This question already has an answer here:

As a beginner, I did not find answered anywhere, the rules about spacing (grammar) and parsing.

For example.

Can I do

if [$# -eq 2] ; 
then 
    llll 
fi

or must I always have a blank or two between the objects, as

if [ $# -eq 2 ] ;
then
   llll
fi

and the second related question is about the difference between

if [[ $# -eq 2 ]] ;
then
wafwaf
fi

The concern I have is about spacing before/after [, ].

No searching has provided me with a set of rules.

marked as duplicate by tripleee shell Apr 23 at 4:13

This question has been asked before and already has an answer. If those answers do not fully address your question, please ask a new question.

  • A good way to know what is valid shell grammar and what isn't is to try it. – Neil Sep 26 '13 at 15:43

Spaces are required after [ and before ].

  1. [ is actually the name of a command, an alias for test. It's not a special symbol, it's just a command with an unusual name.

    $ help '['
    [: [ arg... ]
        Evaluate conditional expression.
    
        This is a synonym for the "test" builtin, but the last argument must
        be a literal `]', to match the opening `['.
    
  2. Because it's an ordinary command name and not a special character, a space is required after the [. If you omit the space and write [foo the shell will search the $PATH for a command named [foo.

    $ [ foo = foo ] && echo true
    true
    $ [foo = foo] && echo true
    [foo: command not found
    
  3. For readability's sake, [ expects its last argument to be exactly ]. Being an ordinary command-line argument, ] must have a space before it. If there's no space then the bracket will become the last character of the previous argument, and [ will complain about its last argument not being ].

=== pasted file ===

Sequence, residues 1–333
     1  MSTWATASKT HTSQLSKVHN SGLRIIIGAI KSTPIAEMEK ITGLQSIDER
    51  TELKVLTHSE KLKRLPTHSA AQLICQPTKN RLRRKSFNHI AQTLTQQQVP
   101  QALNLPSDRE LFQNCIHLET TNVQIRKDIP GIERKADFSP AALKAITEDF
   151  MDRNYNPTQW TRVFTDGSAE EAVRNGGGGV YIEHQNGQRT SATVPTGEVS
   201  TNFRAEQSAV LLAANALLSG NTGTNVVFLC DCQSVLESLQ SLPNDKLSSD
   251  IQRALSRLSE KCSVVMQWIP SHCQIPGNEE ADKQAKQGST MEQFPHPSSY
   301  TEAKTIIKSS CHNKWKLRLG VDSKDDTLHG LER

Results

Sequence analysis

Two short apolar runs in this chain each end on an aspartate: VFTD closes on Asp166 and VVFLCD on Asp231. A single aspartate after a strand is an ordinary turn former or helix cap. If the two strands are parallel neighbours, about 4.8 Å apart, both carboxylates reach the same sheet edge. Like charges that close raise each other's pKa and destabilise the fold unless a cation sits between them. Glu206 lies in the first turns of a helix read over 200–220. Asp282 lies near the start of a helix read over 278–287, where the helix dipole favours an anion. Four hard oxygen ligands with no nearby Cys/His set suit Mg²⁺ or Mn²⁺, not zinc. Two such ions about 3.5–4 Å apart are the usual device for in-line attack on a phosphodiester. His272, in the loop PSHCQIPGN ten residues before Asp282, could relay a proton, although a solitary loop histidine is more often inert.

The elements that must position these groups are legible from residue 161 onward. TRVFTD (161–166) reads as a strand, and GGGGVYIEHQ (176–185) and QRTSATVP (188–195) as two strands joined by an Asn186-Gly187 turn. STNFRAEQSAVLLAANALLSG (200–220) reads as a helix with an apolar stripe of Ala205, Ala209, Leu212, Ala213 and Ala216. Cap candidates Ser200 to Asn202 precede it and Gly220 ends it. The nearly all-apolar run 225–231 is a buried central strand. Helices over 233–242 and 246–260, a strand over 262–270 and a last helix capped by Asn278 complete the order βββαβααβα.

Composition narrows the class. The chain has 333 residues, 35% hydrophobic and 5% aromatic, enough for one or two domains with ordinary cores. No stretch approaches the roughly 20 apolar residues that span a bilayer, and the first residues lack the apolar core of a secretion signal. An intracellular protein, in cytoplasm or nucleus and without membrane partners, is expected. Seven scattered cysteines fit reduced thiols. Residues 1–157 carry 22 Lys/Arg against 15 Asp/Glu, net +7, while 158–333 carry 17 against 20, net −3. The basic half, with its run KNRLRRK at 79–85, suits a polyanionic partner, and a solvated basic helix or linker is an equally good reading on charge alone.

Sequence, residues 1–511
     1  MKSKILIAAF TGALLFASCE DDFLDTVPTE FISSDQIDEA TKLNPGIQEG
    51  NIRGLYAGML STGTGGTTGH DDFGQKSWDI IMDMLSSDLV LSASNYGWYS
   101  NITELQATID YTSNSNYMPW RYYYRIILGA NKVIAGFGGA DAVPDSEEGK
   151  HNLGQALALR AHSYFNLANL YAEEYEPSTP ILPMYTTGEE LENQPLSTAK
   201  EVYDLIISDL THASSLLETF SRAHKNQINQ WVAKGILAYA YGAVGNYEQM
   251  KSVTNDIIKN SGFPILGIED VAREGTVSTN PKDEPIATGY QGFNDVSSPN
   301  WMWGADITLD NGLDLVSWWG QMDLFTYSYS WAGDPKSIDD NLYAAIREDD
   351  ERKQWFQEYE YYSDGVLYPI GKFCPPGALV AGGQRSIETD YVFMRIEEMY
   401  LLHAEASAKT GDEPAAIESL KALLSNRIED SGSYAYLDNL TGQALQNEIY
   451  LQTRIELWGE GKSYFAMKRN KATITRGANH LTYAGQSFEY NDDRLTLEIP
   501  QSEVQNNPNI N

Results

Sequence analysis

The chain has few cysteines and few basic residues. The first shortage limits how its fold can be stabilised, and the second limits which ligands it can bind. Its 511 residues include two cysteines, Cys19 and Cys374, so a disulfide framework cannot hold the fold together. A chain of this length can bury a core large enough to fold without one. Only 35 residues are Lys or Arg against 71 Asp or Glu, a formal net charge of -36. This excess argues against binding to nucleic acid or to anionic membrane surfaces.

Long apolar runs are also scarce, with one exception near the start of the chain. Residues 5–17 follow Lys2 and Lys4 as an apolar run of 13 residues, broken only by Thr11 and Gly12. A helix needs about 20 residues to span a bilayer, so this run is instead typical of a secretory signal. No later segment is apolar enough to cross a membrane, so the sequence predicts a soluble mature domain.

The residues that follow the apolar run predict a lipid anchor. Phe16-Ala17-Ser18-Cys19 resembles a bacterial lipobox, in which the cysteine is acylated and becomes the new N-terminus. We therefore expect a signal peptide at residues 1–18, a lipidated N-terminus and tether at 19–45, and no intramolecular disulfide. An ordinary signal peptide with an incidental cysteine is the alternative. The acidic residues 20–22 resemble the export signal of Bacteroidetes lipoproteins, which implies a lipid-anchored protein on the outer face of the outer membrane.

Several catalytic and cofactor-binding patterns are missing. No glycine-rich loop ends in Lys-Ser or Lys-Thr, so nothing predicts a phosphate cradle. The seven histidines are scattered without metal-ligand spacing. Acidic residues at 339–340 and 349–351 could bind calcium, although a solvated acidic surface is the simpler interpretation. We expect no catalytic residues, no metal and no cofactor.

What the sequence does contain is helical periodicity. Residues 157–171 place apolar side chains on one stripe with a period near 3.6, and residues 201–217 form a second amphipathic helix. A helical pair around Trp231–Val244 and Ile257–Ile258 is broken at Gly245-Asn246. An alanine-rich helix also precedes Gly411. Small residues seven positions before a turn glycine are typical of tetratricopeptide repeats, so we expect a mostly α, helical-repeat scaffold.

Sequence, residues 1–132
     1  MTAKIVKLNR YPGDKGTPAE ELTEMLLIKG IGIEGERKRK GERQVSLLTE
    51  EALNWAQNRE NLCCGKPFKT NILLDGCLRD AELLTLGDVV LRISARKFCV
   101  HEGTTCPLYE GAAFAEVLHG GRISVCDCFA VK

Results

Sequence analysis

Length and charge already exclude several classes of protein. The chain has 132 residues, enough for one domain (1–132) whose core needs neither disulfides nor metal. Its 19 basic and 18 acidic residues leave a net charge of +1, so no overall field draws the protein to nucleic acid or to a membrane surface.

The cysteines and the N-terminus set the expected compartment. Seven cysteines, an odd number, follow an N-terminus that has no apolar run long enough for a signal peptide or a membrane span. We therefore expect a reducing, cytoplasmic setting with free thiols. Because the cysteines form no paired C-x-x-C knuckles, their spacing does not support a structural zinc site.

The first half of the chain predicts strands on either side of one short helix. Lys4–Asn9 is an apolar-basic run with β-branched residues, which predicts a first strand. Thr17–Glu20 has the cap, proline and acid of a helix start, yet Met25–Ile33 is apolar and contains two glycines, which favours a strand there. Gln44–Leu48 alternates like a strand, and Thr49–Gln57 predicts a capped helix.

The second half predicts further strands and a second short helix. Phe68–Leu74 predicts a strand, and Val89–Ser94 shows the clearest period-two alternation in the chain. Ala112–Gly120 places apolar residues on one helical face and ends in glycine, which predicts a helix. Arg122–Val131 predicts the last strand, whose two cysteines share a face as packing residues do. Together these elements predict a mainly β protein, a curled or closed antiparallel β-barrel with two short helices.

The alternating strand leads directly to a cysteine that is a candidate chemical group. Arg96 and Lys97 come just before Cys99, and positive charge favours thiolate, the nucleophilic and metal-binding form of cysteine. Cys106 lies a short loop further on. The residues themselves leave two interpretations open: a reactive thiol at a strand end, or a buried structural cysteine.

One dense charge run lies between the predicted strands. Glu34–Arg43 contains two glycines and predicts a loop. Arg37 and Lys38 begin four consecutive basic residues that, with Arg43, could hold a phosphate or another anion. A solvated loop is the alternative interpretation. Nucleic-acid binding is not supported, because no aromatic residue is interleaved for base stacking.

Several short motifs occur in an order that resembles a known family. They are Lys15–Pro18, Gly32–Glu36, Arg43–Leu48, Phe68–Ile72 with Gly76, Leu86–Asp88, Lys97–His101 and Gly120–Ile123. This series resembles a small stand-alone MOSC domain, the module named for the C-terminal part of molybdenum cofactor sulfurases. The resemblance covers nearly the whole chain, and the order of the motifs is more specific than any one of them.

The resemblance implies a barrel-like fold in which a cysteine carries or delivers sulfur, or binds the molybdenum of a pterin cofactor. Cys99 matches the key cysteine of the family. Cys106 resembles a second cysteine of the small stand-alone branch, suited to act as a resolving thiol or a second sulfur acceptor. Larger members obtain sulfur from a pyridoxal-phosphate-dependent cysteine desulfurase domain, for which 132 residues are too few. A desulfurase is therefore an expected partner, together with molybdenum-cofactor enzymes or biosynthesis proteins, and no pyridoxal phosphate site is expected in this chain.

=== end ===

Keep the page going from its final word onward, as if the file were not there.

$ [ foo = foo]
    bash: [: missing `]'
    $ [ foo = 'foo]'
    bash: [: missing `]'
    

[[ is a bash enhancement with more features than [, namely saner handling of unquoted variable names. It requires the a space on both ends, same as [. However [[ is in fact special shell syntax and is parsed differently. It's not an "ordinary command" the way [ is.

For a detailed explanation of the difference between [ and [[, see:

  • 1
    +1. But perhaps it is worth clarifying that the fact that [[ is special syntax does not make it self-delimiting. You need spaces (or self-delimiting characters) before and after [[ and ]], just like [ and ]. The self-delimiting characters are space, tab and |&()<>;. (Which, due to bash's idiosyncrasies is not quite accurate since things like (( and >& are tokens. But it's a good approximation.) – rici Sep 26 '13 at 16:19

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